As widely rumored, NATO’s Afghanistan commander has asked President Obama for another sizable increase in troops, otherwise suffer “likely failure.”


The “confidential” memo from General Stanley McCrystal was obtained by the Washington Post‘s Bob Woodward and published [PDF] in this morning’s edition, apparently held for a day and slightly redacted in deference to White House request.    From Woodward’s report:

McChrystal concludes the document’s five-page Commander’s Summary on a note of muted optimism: “While the situation is serious, success is still achievable.” But he repeatedly warns that without more forces and the rapid implementation of a genuine counterinsurgency strategy, defeat is likely. McChrystal describes an Afghan government riddled with corruption and an international force undermined by tactics that alienate civilians.


McChrystal’s assessment is one of several options the White House is considering. His plan could intensify a national debate in which leading Democratic lawmakers have expressed reluctance about committing more troops to an increasingly unpopular war. Obama said last week that he will not decide whether to send more troops until he has “absolute clarity about what the strategy is going to be.”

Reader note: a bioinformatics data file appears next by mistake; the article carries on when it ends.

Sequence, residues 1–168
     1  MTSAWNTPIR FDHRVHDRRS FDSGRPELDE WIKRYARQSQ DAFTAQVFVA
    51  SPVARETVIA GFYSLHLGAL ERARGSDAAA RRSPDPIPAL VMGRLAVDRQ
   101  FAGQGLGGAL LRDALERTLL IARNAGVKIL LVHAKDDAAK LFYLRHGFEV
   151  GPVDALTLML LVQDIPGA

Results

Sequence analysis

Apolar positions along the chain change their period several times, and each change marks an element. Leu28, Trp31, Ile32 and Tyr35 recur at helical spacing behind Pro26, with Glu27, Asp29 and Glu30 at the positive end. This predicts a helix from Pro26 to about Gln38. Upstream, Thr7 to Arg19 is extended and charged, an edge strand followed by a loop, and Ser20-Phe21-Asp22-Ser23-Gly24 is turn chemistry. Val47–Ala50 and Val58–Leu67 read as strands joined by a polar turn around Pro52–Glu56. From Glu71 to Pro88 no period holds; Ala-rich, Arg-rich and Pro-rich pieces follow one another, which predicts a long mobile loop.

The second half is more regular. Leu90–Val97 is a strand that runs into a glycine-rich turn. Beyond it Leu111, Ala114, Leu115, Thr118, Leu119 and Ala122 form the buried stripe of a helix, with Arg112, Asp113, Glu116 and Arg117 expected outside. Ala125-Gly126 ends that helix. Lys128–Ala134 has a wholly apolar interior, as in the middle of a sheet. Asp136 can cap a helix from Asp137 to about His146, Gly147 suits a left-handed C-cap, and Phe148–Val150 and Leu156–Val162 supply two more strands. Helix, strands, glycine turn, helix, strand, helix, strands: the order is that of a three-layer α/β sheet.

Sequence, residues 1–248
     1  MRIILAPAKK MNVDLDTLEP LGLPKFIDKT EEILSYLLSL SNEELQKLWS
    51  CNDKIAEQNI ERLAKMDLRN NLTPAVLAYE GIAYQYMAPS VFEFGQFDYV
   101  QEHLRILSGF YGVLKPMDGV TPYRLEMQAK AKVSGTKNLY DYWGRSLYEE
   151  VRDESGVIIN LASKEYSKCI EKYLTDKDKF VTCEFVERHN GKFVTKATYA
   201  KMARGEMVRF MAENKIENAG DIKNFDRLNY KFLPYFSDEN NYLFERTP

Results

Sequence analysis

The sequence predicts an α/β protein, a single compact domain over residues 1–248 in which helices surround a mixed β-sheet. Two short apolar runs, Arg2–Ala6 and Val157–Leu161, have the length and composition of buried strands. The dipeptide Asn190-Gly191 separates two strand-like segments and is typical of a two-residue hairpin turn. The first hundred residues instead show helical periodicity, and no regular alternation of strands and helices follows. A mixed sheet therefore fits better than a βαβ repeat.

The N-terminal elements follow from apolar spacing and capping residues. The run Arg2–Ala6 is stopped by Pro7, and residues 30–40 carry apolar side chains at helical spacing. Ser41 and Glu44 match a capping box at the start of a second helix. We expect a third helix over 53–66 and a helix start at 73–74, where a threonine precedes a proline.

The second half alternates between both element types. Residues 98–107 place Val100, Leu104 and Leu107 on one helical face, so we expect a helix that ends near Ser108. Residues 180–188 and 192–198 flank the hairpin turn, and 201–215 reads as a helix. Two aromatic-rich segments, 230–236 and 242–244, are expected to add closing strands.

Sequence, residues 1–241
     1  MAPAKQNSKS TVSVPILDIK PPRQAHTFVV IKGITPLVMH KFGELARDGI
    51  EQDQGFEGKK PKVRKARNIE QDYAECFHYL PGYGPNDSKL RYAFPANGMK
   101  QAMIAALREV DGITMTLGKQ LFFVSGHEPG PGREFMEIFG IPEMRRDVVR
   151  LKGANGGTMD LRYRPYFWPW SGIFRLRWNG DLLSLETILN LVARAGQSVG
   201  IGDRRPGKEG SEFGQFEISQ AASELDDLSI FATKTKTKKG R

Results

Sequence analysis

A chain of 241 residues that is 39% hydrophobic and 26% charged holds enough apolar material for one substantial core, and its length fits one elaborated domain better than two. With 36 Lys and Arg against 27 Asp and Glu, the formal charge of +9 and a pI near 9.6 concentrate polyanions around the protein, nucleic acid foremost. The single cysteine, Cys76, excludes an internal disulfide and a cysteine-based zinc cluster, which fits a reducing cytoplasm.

McChrystal makes clear that his call for more forces is predicated on the adoption of a strategy in which troops emphasize protecting Afghans rather than killing insurgents or controlling territory. Most starkly, he says: “[I]nadequate resources will likely result in failure. However, without a new strategy, the mission should not be resourced.”

As Mark Mardell points out, BBC broke many of the details back in August but having the full memo public increases the political pressure surrounding it.  Duke political scientist Peter Feaver, who served stints on both the Bill Clinton and George W. Bush National Security Council staffs, is unhappy about this fact, arguing that “the Commander-in-Chief ought to be able to conduct internal deliberations on sensitive matters without it appearing concurrently on the front pages of the Post.”

At the same time, he blames Obama for letting this memo circulate so long, percolating through Washington, without weighing in. Indeed, he guesses this is what prompted the link. He cites this passage in Woodward’s report:

“Either accept the assessment or correct it, or let’s have a discussion,” one Pentagon official said. “Will you read it and tell us what you think?” Within the military, this official said, “there is a frustration. A significant frustration. A serious frustration.”

Washington Independent‘s Spencer Ackerman figures more than frustration motivated the leak: